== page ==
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Time for liberal religion to seize the moment

Time for liberal religion to seize the moment

Rabbi Eric H. Yoffie writing in the Huffington Post:

This is liberal religion’s moment, if only liberal religious leaders will be wise enough to seize it.

In the first place, religion remains remarkably robust in America. Boom-and-bust, wax-and-wane cycles are the rule of American experience. True, Americans are devoted to autonomy and personal freedom, which can undermine religious commitment, but that notwithstanding, religion has always come storming back from periods of dormancy and decline. And as Professor Peter Berger reminds us, the search for meaning and the need to find significance in our lives are eternal human concerns to which religion provides the response. Berger notes as well that the secularization of Europe is an exception rather than the rule of modern history, and while in America it may apply to certain elites, it does not apply to us all.

In the second place, it is liberal religion that has the most to offer now, and is most likely to bridge the contradictions of the modern era. It offers commitment to family, but a more expansive view of what families might look in these tumultuous times. It offers belief in God and tradition, but without the dangerous absolutes that too often banish questioning and doubt. And it offers concern for the poor and the needy. This does not mean mindless, knee-jerk political liberalism, but it does mean giving direction on poverty, justice, war, and the great issues of the day. For liberal religious people, it is blasphemous to cloak yourself in religion while denying justice to the oppressed and mercy to the suffering.

The simple fact is that liberal religion can reach out to young Americans in ways that conservative religion cannot. It can be innovative and idiosyncratic. It can offer endless experimentation. It can demonstrate a fierce willingness to open itself to outside cultures. And it can fully embrace modernity and reason, while balancing, most of the time, the new and the old.

Read the whole thing.


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Anand Gnanadesikan

Thanks David.

I think that liberal Christianity has much to offer.

But feeling superior is generally a pathway to mediocrity.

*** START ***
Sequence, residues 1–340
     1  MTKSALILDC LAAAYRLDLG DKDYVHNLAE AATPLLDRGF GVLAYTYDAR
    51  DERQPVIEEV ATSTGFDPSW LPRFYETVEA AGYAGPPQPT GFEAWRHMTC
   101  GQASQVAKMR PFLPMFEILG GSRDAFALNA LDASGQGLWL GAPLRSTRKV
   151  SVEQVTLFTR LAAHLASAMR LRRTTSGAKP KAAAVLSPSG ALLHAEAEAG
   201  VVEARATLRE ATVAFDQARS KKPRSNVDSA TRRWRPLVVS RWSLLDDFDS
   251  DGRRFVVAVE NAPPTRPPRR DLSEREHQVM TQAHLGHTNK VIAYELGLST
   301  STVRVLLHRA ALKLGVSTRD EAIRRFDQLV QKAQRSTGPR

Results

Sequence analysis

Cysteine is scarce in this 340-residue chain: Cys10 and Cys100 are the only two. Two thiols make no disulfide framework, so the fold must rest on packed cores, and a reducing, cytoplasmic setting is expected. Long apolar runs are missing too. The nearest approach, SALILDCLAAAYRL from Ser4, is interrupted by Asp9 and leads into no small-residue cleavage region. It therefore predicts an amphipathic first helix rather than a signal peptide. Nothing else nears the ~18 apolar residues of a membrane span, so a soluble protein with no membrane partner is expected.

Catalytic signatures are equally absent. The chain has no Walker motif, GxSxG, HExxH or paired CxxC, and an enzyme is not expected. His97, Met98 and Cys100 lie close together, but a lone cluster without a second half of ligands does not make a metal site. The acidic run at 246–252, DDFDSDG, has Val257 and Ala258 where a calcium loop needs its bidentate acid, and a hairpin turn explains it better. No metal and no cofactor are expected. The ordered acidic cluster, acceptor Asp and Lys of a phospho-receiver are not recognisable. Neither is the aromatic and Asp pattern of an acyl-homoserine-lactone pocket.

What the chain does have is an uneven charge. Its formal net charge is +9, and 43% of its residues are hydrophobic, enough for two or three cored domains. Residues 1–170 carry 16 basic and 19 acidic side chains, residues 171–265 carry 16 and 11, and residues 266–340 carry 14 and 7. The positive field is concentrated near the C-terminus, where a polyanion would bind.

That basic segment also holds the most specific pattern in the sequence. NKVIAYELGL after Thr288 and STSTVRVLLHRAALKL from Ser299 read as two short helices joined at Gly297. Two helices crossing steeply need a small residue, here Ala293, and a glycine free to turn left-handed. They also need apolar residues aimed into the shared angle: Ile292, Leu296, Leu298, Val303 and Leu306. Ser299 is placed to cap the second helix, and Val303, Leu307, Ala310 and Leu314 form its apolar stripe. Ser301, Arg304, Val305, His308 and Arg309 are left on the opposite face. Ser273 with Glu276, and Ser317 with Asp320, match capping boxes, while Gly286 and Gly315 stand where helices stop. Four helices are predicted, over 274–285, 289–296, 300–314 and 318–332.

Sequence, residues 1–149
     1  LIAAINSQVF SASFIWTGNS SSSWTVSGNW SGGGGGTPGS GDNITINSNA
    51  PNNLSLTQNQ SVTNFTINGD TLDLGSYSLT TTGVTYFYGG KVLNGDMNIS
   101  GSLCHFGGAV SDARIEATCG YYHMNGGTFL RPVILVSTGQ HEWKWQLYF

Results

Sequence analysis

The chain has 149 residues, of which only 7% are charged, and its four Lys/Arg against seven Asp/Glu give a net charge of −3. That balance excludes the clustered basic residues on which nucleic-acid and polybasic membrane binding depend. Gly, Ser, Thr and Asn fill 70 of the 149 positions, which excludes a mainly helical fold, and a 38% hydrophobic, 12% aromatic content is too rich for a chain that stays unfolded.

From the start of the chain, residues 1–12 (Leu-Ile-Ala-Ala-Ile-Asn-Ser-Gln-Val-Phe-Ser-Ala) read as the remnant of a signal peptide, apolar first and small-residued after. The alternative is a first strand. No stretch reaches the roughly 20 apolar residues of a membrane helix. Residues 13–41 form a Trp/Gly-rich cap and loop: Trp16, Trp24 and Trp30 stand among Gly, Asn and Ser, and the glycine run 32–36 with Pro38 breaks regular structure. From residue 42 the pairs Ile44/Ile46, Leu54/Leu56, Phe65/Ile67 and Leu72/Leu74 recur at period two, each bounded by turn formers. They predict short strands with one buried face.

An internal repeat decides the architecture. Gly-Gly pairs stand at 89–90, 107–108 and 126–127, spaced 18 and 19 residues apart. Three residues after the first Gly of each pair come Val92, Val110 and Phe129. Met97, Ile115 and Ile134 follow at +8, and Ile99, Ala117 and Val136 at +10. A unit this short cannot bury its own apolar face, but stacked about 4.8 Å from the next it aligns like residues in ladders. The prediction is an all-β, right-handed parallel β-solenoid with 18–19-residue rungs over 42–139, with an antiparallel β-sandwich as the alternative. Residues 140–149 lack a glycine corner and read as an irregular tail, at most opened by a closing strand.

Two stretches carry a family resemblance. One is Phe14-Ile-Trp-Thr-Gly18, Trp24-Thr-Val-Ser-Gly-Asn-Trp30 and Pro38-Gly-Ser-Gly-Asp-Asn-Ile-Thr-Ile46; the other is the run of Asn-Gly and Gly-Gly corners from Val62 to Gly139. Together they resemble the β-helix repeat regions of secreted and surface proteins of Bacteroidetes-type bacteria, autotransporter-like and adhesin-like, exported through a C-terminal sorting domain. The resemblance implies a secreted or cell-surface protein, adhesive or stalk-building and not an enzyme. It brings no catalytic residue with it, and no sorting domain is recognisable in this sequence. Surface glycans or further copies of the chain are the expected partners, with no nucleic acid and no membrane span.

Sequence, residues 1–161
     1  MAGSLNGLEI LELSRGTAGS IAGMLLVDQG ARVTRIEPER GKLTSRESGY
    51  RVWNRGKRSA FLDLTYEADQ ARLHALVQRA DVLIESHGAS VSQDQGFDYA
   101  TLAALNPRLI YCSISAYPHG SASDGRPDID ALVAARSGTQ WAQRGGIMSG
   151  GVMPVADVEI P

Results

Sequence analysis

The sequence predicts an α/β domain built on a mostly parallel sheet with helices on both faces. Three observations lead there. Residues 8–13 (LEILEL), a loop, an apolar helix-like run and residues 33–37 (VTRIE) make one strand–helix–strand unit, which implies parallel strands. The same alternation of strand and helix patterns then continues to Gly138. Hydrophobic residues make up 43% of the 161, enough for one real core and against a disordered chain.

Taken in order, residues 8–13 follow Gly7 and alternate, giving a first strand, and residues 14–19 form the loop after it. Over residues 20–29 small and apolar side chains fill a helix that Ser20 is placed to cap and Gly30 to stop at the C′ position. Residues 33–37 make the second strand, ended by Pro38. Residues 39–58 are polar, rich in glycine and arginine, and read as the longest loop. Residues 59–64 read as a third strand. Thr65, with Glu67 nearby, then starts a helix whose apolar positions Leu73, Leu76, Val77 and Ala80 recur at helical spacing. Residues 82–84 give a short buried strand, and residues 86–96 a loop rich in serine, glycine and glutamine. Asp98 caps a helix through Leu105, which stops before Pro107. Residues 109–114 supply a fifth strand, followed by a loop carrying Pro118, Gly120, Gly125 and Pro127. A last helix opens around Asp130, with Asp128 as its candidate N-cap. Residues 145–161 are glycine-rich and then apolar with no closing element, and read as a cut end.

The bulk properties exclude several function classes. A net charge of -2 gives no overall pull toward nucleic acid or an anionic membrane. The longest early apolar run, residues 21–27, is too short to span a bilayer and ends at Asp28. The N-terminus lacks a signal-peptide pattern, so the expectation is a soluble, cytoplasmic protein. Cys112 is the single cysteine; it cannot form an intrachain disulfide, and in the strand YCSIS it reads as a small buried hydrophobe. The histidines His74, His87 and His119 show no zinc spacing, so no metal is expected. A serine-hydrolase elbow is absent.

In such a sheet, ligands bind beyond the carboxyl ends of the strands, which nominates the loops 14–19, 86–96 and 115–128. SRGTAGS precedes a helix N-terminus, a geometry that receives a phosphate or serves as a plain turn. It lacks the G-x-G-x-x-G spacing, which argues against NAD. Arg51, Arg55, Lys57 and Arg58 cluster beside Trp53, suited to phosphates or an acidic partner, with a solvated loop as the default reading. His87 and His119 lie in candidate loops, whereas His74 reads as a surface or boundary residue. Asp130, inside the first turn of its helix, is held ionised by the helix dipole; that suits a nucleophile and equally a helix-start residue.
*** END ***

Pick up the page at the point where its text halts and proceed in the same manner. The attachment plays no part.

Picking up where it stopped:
Bill Simpson

Maybe let’s also be clear about what we mean by “conservative christianity.” It’s hard for me not to see the “conservative” as someone who thinks being inside the magic circle equates to staunch defense of a limited range of dogmas. Unfortunately, these pet dogmas are anti-rational (e.g., biblical literalism) and tend to bolster the status quo and savage behavior toward the environment and marginalized people (e.g., Calvinism and the prosperity gospel). So much energy gets expended in celestial bookkeeping that little is left over for simple compassion. Conservatives appear to go to church Sunday to evade the responsibility of seeking a fairer world and portray themselves as victims in order to evade facing the real pain their mentality creates in the real world.

Anand Gnanadesikan


*Conservatives appear to go to church Sunday to evade the responsibility of seeking a fairer world and portray themselves as victims in order to evade facing the real pain their mentality creates in the real world.*

Which is why Episcopalians do so much more relief than evangelicals…. oh wait.

World Vision is more than 100 times bigger than Episcopal Relief and Development. Samaritans purse is 20 times larger. So let’s not get all superior about how much better liberal Christians are at taking care of the poor.

And if we want to whinge about being small, we’re still much bigger than Rick Warren’s Saddleback Church network. Look at

That said, I do agree that there’s a strong temptation to replace faith with belief. And there are certain branches of conservative Christianity where this is arguably pathological. It’s just that I see that as a temptation for all of us, not just conservatives.


Bill Simpson

You seem to confuse charity with justice and, therefore, illustrate my point perfectly.

David Streever

Bill, please don’t be snarky; I think Anand’s reply shows an understanding of your points, and a desire to drive the conversation forward. Let’s try to be good to each other here.

Herry M. Merryman

I would argue that what is really being discussed is “Liberal Theology.” In this regard, I think Michael J. Langford’s wonderful little book on this topic is instructive. He identifies eleven characteristics of the liberal tradition in theology:

– A use of the Bible that is not always literal
– Reason and revelation in harmony
– A non-legalist account of redemption
– The possibility of salvation outside a narrow path
– Toleration
– Original sin, but not original guilt
– Belief in free will
– A view of providence that respects the integrity of the natural order
– The joint need for both faith and works
– A minimal number of basic teachings
– A range of acceptable lifestyles

The “Liberal Tradition” described here is an approach to religion (in this case, Christianity), not an orthodoxy. It is this approach which holds more promise, I believe, for the modern world, inasmuch as it fully embraces the Enlightenment and pluralism in discerning what God desires and intends for us.

Christopher Johnson

If it weren’t for the fact that lefist pseudo-religiosity is dying faster than it can be documented…

David Streever

You clearly don’t do yoga.

David Allen

What is the leftist pseudo-religiosity which you claim is dying?

Paul Woodrum

As good Episcopalians, we’ll ponder this for forty years then, when the hot flash has passed, go back to our usual routine.

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